Covid-19: Indonesia to ramp up testing, tracing


Healthcare workers take swab samples from Covid-19 patients at the emergency room of the Cengkareng Regional General Hospital in Jakarta on June 23, 2021. - Antara

JAKARTA (The Jakarta Post/ANN): The government has pledged to roll out mass testing, tracing, treatment and vaccinations across several densely-populated agglomeration areas around the country in a bid to improve its national data on Covid-19 which officials say would become the basis for relaxing community mobility restrictions in various regions.

Indonesia’s Covid-19 data landscape has been fraught with issues of reliability, which officials have pinned on several regional administrations that have not been forthcoming about their data on case numbers, bed occupancy rates and testing samples, among other figures.

Epidemiologists also believe the nation has severely underreported its Covid-19 data, and that any official figures make up a small part of the actual numbers.

But now the government has provided some indication that it is attempting to improve its data collection, with President Joko “Jokowi” Widodo announcing a plan to relax emergency public activity restrictions (PPKM Darurat) as early as next week, which he said would be predicated on the steady decline of certain indicators.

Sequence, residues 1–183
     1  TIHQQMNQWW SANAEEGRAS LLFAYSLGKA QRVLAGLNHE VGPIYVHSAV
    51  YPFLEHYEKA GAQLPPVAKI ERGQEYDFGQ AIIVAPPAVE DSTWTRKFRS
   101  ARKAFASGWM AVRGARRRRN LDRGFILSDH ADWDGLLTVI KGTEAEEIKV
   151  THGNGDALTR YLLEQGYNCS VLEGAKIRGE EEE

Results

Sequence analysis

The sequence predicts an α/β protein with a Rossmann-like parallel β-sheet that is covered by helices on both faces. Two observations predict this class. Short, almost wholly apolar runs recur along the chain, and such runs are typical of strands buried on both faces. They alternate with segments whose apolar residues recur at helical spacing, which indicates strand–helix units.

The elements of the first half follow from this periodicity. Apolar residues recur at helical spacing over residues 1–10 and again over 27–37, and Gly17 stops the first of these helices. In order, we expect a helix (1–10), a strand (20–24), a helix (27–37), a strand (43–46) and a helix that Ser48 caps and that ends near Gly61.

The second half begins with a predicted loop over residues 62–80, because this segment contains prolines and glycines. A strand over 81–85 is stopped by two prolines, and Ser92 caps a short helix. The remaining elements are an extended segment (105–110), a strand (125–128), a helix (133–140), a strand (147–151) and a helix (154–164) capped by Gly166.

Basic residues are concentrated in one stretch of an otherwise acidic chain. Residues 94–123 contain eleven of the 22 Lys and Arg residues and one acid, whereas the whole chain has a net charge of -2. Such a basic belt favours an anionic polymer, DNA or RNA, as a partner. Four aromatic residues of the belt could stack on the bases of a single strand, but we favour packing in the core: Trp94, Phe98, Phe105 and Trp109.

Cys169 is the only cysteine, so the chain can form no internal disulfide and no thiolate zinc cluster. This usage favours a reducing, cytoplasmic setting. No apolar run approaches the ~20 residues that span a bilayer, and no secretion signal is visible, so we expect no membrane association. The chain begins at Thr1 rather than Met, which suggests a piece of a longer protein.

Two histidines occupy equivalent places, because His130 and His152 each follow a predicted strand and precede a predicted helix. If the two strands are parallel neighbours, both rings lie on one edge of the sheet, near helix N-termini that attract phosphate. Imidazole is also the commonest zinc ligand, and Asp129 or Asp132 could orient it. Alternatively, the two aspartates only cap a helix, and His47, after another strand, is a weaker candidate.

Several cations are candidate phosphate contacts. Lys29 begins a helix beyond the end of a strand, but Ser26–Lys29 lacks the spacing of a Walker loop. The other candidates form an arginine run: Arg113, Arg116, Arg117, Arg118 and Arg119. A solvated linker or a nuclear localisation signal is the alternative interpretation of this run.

Coordinating Maritime Affairs and Investment Minister Luhut Binsar Pandjaitan followed up the announcement the following day by replacing the alphabet soup of previous curbs with a four-tier system of community mobility restrictions (PPKM I–IV) based on standards set out by the World Health Organization (WHO).

According to the President’s instruction, Luhut said, a number of regions would be eligible to ease restrictions from Monday if they managed to show improvements in Covid-19 case numbers as well as the transmission rate, responsiveness of the healthcare system and the “psychological state of the people”.

“We’ll be looking at all the data so that by July 26, several areas would be able to relax [curbs] and gradually reopen — but only if they demonstrate improvements on all sides, especially a decline in cases and WHO parameters,” the senior minister said during a press briefing on Wednesday.

More testing As part of this new drive, Luhut said the government planned to conduct testing and tracing "en masse" at self-isolation centers located in densely populated areas, particularly in sizeable agglomeration areas such as Greater Jakarta, Greater Bandung and Greater Surabaya, as well as other urban sprawls in and around Surakarta, Malang and Semarang, among other places.

The idea is that any patient whose test comes back positive would be immediately placed under quarantine at government-run facilities, where they would receive due treatment and be able to recover within eight days.

“Our objective is to break the Delta variant’s chain of transmission. We will begin in one or two days and we will do this en masse. The upcoming relaxation of curbs on July 26 will see us improve testing, tracing, treatment and vaccinations all in parallel,” Luhut said.

Based on data gleaned from regional leaders earlier on Wednesday, the coordinating minister said several regions had already demonstrated encouraging signs of improvement.

He was quick to add, however, that the remaining days under the emergency curbs this week would be used to ensure that this improvement did not take a turn for the worse.